KUALA LUMPUR: Gripped by pandemic fatigue and having to deal with the loss of jobs and livelihoods, many people are not paying close attention to adhering to the principles of Rukun Negara.
As pointed out by the World Health Organisation in a publication released in October last year, pandemic fatigue is an expected and natural response to a prolonged public health crisis that can affect the emotions, perceptions and behaviour of a person.
Prof Datuk Dr Baharudin Puteh, who is a professor at the Faculty of Language and Education, Universiti Melaka, observed that of late there has been an erosion in the understanding and practice of the five philosophies of the Rukun Negara due to the challenges faced by the people.
He said in the light of the current circumstances, the authorities concerned must take proactive steps to rekindle the spirit of the Rukun Negara and inspire Malaysians to work together to steer the nation towards the attainment of advanced nation status.
Last year marked the 50th anniversary of the Rukun Negara, which was proclaimed on Aug 31, 1970, by the then Yang di-Pertuan Agong Almarhum Tuanku Ismail Nasiruddin Shah Ibni Almarhum Sultan Zainal Abidin.
Regarding the national-level Yang di-Pertua Negeri Melaka Cup Rukun Negara Oratory Competition, Dr Baharudin said it is a good effort as all sections of society can participate in the contest, organised by the Office of the Yang di-Pertua Negeri Melaka in collaboration with the Melaka state government and Ministry of National Unity.
To participate in this competition, contestants must submit a seven-minute video of their speech via email to email@example.com. The videos have to be submitted between July 5 and 31.
“If we were to take a closer look, many people still don’t have a proper understanding of why the Rukun Negara was formulated. If we look at its history, it was formulated and proclaimed on Aug 31, 1970, following the racial riots of May 13, 1969. We should continue to uphold the principles of the Rukun Negara because they are the key to harmony and unity of all the races in Malaysia.
“We admit that pandemic fatigue and stress caused by the current situation have driven some of us to violate the principles of Rukun Negara. This is why it is so important to hold an oratory competition as it would enable Malaysians to channel their ideas and views to revive this nation,” said Dr Baharudin, who is also head of the oratory competition secretariat.
Contestants must base their points on the second and third principles of the Rukun Negara, namely Loyalty to King and Country and Supremacy of the Constitution, in addition to presenting arguments relevant to the prevailing situation.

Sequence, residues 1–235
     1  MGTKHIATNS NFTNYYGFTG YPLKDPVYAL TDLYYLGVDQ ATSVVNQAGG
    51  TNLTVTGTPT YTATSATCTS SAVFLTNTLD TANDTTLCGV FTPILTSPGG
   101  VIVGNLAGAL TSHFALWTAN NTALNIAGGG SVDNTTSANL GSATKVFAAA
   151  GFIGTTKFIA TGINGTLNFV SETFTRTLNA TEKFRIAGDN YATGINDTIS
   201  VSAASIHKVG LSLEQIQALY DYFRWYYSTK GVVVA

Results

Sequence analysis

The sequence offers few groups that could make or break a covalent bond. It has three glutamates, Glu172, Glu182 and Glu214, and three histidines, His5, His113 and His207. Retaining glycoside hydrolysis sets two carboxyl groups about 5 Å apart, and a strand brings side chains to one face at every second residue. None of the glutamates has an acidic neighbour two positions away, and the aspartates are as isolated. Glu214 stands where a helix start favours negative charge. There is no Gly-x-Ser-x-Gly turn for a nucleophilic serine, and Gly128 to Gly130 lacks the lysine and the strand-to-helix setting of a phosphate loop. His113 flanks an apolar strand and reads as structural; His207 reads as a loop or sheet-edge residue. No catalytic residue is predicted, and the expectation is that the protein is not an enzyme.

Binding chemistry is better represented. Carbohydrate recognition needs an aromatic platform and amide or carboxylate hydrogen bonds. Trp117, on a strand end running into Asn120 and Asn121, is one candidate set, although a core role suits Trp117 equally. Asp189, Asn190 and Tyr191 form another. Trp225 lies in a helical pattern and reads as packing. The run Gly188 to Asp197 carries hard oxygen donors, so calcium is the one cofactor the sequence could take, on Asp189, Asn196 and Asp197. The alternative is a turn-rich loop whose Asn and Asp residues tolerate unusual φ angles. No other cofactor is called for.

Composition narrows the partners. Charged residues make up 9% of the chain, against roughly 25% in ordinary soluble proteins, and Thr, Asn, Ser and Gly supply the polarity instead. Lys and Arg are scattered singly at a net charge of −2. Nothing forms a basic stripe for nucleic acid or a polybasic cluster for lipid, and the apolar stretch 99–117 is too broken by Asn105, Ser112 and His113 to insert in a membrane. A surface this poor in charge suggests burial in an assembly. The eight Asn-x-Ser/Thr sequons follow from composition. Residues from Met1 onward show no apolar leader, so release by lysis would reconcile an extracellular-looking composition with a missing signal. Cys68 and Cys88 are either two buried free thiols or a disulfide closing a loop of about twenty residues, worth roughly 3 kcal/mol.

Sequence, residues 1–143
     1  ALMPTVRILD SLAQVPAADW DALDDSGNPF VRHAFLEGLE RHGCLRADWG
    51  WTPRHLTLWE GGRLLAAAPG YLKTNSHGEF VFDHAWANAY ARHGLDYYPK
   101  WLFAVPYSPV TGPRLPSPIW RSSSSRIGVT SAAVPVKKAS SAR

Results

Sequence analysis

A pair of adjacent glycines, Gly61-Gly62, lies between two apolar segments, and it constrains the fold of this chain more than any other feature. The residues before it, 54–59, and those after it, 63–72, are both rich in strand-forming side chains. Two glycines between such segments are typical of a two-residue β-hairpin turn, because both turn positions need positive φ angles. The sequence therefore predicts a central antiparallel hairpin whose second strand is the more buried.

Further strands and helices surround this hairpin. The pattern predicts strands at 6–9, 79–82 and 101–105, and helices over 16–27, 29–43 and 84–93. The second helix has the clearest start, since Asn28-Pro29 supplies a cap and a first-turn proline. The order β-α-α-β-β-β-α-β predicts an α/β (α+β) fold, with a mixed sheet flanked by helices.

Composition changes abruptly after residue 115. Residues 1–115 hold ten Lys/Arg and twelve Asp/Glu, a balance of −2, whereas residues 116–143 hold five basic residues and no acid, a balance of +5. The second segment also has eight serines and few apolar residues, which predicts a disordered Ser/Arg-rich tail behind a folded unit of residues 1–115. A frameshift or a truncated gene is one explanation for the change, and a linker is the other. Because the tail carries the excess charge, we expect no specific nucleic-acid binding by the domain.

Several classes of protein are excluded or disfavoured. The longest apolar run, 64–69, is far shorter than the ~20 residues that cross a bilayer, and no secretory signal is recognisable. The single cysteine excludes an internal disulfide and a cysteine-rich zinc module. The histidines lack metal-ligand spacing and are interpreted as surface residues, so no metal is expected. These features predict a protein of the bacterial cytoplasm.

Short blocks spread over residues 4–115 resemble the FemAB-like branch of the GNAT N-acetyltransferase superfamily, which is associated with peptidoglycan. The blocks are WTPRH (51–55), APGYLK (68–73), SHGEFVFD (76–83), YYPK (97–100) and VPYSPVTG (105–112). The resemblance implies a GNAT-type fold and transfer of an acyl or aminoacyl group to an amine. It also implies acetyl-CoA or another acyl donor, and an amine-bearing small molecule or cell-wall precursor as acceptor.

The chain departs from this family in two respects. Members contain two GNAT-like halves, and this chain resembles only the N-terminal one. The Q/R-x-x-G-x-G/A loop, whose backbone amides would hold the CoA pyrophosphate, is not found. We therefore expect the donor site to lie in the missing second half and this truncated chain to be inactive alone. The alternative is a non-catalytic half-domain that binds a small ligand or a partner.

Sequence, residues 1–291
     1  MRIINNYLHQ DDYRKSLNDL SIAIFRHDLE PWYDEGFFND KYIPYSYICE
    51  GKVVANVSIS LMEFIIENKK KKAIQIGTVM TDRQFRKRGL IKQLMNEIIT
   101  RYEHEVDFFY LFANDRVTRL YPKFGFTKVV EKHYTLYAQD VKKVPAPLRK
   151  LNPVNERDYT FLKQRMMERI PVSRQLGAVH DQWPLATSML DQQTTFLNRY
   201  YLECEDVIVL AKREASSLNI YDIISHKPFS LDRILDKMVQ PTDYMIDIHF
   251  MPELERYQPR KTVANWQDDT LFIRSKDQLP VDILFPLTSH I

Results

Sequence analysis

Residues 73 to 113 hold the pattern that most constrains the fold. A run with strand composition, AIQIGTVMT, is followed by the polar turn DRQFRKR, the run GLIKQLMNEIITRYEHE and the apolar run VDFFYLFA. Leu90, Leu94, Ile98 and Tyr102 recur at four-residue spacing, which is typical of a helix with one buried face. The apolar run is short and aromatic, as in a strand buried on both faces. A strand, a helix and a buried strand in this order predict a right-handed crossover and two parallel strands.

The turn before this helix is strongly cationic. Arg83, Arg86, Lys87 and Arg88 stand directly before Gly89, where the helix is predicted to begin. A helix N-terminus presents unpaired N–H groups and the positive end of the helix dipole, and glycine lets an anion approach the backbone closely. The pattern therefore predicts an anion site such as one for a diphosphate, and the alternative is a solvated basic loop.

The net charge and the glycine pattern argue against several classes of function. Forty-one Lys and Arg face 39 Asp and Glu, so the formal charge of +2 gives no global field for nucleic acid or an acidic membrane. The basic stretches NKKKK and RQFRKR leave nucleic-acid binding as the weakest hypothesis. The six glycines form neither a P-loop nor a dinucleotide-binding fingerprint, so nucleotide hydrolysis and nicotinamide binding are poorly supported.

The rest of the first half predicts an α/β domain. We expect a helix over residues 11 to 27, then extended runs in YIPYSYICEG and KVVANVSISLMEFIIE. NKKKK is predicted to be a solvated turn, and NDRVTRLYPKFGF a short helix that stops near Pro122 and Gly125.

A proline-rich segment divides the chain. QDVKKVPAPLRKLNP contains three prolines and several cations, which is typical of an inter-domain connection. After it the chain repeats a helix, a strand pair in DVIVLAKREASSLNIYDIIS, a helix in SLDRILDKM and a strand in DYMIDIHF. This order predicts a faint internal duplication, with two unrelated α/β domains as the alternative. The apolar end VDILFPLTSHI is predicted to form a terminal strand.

The Yang di-Pertua Negeri Melaka Cup Rukun Negara Oratory Competition was organised last year at the state-level by the Tun Perak Institute.
Dr Baharudin said the entries for this year’s competition will go through the first round of evaluation from Aug 9 to 12. The videos shortlisted for the semi-finals will be assessed on Aug 16 and 17.
If the situation permits, the finalists will participate in the final round of the competition on Aug 21 at Dewan Besar Universiti Teknikal Malaysia Melaka.
There are five categories of participation. The first category is open to members of the public, second for students from institutions of higher learning, third for secondary school students, fourth for primary school students and fifth for non-Malays.
Cash prizes ranging from RM300 and RM5,000 and other prizes are up for grabs.
Explaining why the second and third principles of the Rukun Negara were selected as the subject matter for the oratory competition, Dr Baharudin said these two principles appear to have been the hardest hit in terms of understanding and appreciation.
“If we were to ask the people which principle they adhere to the most, the majority of them will surely say Belief in God (the first principle of the Rukun Negara) as most Malaysians hold fast to their respective religions.
“The same goes for the Good Behaviour and Morality principle as we have been seeing people eagerly extending a helping hand to those who were badly hit by the pandemic,” he said.
“We want to educate the people on the importance of revering the royal institution and the ruler, as well as respect the supremacy of the Constitution, the supreme law of this nation.”
He said some netizens have been using social media to post remarks deemed disrespectful of the institution of monarchy. In reality, he added, the king, who heads the institution of monarchy, is like an umbrella to the people, especially in times of a crisis.
Dr Baharudin also said that educational institutions should use the Rukun Negara as a tool and doctrine to inculcate in Malaysians the spirit of patriotism.
“If every Malaysian citizen has a deep appreciation of the Rukun Negara, they will surely be aware of their responsibility to the country.
“Armed with patriotism, Malaysians can become more productive, resilient, competitive, innovative and creative... they can be the human capital that can help the nation to develop further,” he added. -Bernama